LGBT Groups Slam ‘Poison Pill’ Amendments to Immigration Bill

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A coalition of the nation’s leading LGBT advocacy organizations called several amendments to the Senate immigration reform bill “poison pills that threaten the entire legislation.” The Senate is considering amendments to the immigration reform bill this week that could negatively impact all immigrants and LGBT immigrant in particular, according to a statement released Wednesday by the National Center for Lesbian Rights, GLAAD, National Gay and Lesbian Task Force, United We Dream and Queer Undocumented Immigrant Project, GetEQUAL, National Center for Transgender Equality, Equality Federation and National Queer Asian Pacific Islander Alliance.

Increased Enforcement: The Senate rejected two amendments requiring more enforcement at the border as a condition of implementing or completing a legalization program: Vitter 1228, which failed 36-58, and Thune 1197, which failed 39-54.

“Harsher enforcement mechanisms for immigrants will have a disproportionately very negative impact on LGBT immigrants, whom studies have shown receive harsher punishments than their non-LGBT peers — especially in the case of LGBT people of color,” according to the statement released by LGBT advocacy groups.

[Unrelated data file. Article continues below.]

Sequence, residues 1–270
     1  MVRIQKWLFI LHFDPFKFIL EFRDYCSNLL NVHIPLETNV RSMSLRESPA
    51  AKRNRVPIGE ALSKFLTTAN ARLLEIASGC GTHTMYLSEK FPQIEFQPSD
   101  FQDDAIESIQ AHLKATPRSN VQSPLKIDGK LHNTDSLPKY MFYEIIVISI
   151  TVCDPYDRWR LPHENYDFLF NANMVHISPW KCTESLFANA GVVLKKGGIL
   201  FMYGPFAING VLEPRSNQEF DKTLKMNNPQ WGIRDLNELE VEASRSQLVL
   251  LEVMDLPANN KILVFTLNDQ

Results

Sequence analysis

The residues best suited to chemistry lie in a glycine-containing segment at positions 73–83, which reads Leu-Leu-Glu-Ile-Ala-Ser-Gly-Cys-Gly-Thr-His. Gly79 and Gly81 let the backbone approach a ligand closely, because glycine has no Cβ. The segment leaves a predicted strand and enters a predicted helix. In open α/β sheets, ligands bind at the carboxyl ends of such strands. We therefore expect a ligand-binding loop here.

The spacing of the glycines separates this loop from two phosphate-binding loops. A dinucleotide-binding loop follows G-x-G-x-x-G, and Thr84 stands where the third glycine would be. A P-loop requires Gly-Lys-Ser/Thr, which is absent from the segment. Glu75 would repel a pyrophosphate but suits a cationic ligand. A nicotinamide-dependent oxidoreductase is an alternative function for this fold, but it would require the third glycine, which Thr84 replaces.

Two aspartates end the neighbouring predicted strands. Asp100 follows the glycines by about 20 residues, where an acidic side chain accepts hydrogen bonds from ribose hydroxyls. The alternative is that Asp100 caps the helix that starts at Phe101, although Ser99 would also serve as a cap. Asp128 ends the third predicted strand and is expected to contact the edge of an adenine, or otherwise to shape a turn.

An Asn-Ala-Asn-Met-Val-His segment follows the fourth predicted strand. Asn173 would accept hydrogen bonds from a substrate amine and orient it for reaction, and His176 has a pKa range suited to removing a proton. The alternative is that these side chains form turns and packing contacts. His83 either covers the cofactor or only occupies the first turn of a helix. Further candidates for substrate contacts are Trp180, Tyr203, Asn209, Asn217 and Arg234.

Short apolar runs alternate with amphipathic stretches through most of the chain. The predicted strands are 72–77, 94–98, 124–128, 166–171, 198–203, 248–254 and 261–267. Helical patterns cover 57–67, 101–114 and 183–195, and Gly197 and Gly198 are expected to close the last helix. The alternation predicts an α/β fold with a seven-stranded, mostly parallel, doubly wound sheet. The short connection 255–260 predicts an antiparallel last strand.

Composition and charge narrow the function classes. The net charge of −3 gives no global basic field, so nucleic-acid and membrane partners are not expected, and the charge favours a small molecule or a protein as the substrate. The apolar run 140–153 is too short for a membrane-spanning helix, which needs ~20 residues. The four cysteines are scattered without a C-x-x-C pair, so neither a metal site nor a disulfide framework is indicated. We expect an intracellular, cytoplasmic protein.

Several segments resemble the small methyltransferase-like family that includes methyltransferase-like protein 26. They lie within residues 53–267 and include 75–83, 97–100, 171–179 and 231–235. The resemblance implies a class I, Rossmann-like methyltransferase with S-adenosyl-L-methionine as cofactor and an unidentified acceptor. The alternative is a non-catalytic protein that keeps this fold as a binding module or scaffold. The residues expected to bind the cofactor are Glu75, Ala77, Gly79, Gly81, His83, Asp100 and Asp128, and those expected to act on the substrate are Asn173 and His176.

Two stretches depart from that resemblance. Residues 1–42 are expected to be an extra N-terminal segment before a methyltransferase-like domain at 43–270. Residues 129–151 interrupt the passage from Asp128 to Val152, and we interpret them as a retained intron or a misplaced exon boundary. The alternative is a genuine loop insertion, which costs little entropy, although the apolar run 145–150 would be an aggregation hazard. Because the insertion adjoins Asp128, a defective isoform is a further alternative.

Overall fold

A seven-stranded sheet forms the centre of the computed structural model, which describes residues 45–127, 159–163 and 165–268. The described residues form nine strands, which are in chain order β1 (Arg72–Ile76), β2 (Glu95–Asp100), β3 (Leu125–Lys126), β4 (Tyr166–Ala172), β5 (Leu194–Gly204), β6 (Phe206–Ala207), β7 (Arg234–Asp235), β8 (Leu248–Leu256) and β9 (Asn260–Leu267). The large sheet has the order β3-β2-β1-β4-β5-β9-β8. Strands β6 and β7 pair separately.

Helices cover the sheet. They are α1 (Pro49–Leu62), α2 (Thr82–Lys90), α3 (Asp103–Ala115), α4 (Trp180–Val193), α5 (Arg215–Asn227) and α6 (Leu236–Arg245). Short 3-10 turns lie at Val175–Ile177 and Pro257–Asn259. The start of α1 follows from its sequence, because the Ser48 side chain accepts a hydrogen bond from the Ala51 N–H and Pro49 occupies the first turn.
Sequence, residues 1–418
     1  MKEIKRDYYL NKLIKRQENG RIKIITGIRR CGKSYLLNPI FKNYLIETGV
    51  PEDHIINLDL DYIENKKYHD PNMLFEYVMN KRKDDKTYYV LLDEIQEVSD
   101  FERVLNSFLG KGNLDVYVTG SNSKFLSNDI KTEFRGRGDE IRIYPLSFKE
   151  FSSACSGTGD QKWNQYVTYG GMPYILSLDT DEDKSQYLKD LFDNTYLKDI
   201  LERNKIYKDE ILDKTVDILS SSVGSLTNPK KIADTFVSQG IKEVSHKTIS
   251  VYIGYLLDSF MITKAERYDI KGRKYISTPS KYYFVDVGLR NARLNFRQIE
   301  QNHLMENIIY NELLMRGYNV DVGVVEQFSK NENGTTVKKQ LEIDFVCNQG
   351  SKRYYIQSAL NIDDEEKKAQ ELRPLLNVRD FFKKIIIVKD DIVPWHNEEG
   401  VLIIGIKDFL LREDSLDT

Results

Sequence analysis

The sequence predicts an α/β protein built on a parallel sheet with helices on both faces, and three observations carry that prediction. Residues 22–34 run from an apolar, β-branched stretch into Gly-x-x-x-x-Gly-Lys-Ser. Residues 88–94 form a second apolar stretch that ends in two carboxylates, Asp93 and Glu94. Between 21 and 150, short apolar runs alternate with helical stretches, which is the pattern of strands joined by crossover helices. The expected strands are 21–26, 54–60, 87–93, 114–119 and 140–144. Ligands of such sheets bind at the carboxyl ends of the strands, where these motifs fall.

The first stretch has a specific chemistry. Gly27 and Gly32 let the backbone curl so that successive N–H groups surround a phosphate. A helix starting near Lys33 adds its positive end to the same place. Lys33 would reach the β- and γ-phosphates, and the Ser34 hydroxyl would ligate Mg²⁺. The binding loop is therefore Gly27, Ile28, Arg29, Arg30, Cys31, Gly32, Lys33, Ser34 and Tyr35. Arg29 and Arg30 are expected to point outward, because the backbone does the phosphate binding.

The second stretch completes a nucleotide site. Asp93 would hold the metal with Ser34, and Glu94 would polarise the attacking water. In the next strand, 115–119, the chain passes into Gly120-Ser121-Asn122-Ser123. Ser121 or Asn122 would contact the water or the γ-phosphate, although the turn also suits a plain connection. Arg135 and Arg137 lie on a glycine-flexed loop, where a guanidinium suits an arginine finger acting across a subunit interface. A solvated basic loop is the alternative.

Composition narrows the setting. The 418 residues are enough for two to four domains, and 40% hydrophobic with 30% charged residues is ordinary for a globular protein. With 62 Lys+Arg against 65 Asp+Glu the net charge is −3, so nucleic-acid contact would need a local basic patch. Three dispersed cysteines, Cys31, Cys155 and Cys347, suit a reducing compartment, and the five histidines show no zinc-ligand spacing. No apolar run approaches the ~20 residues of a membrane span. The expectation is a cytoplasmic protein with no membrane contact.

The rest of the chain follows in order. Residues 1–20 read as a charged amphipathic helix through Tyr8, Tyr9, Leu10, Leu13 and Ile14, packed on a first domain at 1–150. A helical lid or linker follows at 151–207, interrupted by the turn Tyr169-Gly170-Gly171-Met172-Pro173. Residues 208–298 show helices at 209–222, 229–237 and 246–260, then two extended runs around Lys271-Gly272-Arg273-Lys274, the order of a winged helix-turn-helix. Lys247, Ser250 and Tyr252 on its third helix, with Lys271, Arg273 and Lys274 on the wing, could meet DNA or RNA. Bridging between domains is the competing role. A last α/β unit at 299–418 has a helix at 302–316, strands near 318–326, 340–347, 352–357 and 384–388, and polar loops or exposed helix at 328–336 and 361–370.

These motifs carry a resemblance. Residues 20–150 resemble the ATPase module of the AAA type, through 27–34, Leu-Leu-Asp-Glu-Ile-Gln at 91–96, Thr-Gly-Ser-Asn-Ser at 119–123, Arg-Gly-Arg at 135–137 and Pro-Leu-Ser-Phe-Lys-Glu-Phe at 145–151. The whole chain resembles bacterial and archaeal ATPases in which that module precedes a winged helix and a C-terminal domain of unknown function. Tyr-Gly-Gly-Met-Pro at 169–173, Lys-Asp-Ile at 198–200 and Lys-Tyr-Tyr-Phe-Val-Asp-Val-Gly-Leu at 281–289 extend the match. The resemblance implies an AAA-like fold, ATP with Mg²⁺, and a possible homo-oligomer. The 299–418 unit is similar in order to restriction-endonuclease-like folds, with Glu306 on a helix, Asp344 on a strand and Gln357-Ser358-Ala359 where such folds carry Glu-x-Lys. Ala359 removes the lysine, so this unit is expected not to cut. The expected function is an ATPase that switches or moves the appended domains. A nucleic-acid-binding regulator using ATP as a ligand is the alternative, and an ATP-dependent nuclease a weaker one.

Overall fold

Health Benefits: One amendment being considered would continue to deny health benefits to immigrants five years after they become legal residents. This means immigrants could be eligible for citizenship after 13 years, but wouldn’t be able to get health care subsidies for at least 15 years or longer.

“Many LGBT people are unable to get health benefits for their partners and children because of a lack of family recognition. Morevoer, because LGBT people are more likely to live below the poverty line, access to affordable health care is especially important to the community," according to leading LGBT advocacy groups. "These factors make access to the benefits of the Affordable Care Act (ACA) and Medicaid particularly crucial for the LGBT community. The 13-year roadmap to citizenship is too long as it is; these punitive provisions make that road even more difficult.”

Social Security: The Senate is also considering amendments that would require undocumented immigrants to pay back taxes and limit their access to Social Security retirement benefits.

“These punitive amendments go against the moral imperative of compassionate immigration reform," according to LGBT advocacy organizations. "What’s more, LGBT immigrants and families – especially those of color – would be even more adversely affected by these harsh measures, as they experience unemployment and poverty at higher rates than their non-LGBT peers.”



 

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